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Treasury Wine CEO gets ousted from post; departure underscores need to market Australian wines differently

September 24, 2013 • News

The world’s second largest publicly traded winemaker Treasury Wine Estates Ltd. has announced on Monday that its Chief Executive Officer David Dearie was leaving the company effective immediately.

Image credit: Flickr user naotakem

Image credit: Flickr user naotakem

In a statement released on the company’s website Chairman Paul Reyner commended Dearie’s accomplishments in the last two years but says the Board believes TWE needs a leader with “stronger operational focus” moving forward.

“Over the last two years David has played a critical role in guiding TWE through its demerger and establishing the Company as a standalone business. He has also successfully built the profile of TWE’s iconic wine brands internationally,” Mr. Reyner said.

“However, following the write-down of excess US inventory announced on 15 July 2013, the Board has undertaken a review and concluded that now is the right time to look for a new CEO. In particular, having established a solid platform since demerger, the Board believes TWE needs a leader with a stronger operational focus to deliver the Company’s growth ambitions.”

Dearie’s departure from the company follows Chief Financial Officer Mark Fleming, who quit about six weeks before the company announced the U.S. writedown, according to a report from Bloomberg.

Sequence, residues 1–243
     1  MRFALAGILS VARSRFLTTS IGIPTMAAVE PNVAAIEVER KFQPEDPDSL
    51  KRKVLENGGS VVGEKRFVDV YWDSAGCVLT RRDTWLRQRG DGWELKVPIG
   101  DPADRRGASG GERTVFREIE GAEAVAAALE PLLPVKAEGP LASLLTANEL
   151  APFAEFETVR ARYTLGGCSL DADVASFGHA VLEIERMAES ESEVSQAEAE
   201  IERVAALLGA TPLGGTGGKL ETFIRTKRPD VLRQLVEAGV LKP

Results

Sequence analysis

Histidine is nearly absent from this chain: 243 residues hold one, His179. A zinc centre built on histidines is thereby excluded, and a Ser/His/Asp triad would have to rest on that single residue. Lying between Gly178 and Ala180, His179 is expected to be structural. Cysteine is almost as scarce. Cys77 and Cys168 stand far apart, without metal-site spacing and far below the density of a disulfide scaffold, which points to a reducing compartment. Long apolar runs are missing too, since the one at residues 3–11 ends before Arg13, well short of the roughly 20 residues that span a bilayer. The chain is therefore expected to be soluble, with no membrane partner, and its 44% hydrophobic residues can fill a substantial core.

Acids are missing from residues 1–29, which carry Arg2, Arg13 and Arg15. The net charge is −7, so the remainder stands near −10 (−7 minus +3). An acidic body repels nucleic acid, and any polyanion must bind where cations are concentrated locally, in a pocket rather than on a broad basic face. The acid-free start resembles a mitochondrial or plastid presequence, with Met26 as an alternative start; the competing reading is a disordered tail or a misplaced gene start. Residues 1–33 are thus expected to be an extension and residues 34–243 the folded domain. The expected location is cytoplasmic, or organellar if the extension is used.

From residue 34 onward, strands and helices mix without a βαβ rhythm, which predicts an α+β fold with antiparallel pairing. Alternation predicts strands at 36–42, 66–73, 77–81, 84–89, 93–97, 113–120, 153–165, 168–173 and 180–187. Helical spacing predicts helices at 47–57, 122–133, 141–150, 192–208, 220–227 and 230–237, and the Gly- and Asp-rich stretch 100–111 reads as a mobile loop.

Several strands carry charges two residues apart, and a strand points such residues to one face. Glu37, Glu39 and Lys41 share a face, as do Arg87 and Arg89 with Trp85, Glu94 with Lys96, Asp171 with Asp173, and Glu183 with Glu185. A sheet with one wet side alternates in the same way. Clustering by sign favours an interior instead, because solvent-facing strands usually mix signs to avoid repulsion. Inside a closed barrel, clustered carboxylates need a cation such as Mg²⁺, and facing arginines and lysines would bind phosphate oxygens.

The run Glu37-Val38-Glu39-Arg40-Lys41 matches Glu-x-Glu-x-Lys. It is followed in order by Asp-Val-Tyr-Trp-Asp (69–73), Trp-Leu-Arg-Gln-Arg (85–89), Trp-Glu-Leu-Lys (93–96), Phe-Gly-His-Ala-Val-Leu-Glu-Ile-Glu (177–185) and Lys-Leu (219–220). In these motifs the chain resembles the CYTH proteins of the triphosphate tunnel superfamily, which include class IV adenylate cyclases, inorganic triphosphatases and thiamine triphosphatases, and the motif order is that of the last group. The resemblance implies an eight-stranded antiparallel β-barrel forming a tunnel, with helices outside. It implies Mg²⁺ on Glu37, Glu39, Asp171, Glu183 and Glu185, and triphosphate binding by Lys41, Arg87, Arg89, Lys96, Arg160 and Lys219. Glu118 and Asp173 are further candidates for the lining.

According to the report Dearie had tried to boost profit margins on labels such as Penfolds and Beringer by improving branding during the period when oversupply in the wine industry appeared to be declining. However that did not stop the writedowns on out-of-date inventory, which moved to destroy and discount bottles and pay out onerous grape-buying contracts.

Meanwhile according to Reuters, the ousting of Dearie highlighted the need for a change in the way Australia markets its wines internationally as the country’s exports fall.

Australia’s exports last year fell to A$1.8 billion from the peak of $3 billion in 2007, according to the Winemakers’ Federation of Australia (WFA).

“People are trading up,” said Mark Parer, a Beijing-based importer of Australian wines with Plantagenet Wines in the Reuters report. “The French are way ahead on marketing and branding.”

Australia has been known to produce cheap but decent quality wines. However consumers have begun moving toward higher-end brands, leaving the country with the challenging task of cutting oversupply, increasing prices and possibly even rebranding wines to suit the market’s taste.

Wine industry associations seem to recognize the urgent need to showcase Australian wines as premium products.

Last month the WFA proposed a $1.5 million food and wine centre to be built in Shanghai as part of a seven-point plan to reform the Australian wine industry. The centre would raise awareness of Australian wines in China, which is the fastest-growing wine market in the world, and give consumers access to premium food and wine tastings and educational materials and courses.

Meanwhile Tourism Australia’s latest marketing campaign aims to push Australia as a prime destination for food and wine, hoping to shift the foreign market’s perception. The organization has tapped the tourism industry, leading food and wine identities, and its marketing partner Wine Australia to incorporate the food and wine experience much more strongly in their global campaigns.

The Restaurant Australia campaign will now be part of Tourism Australia’s global campaign ‘There’s nothing like Australia’, and will be launched officially next year.

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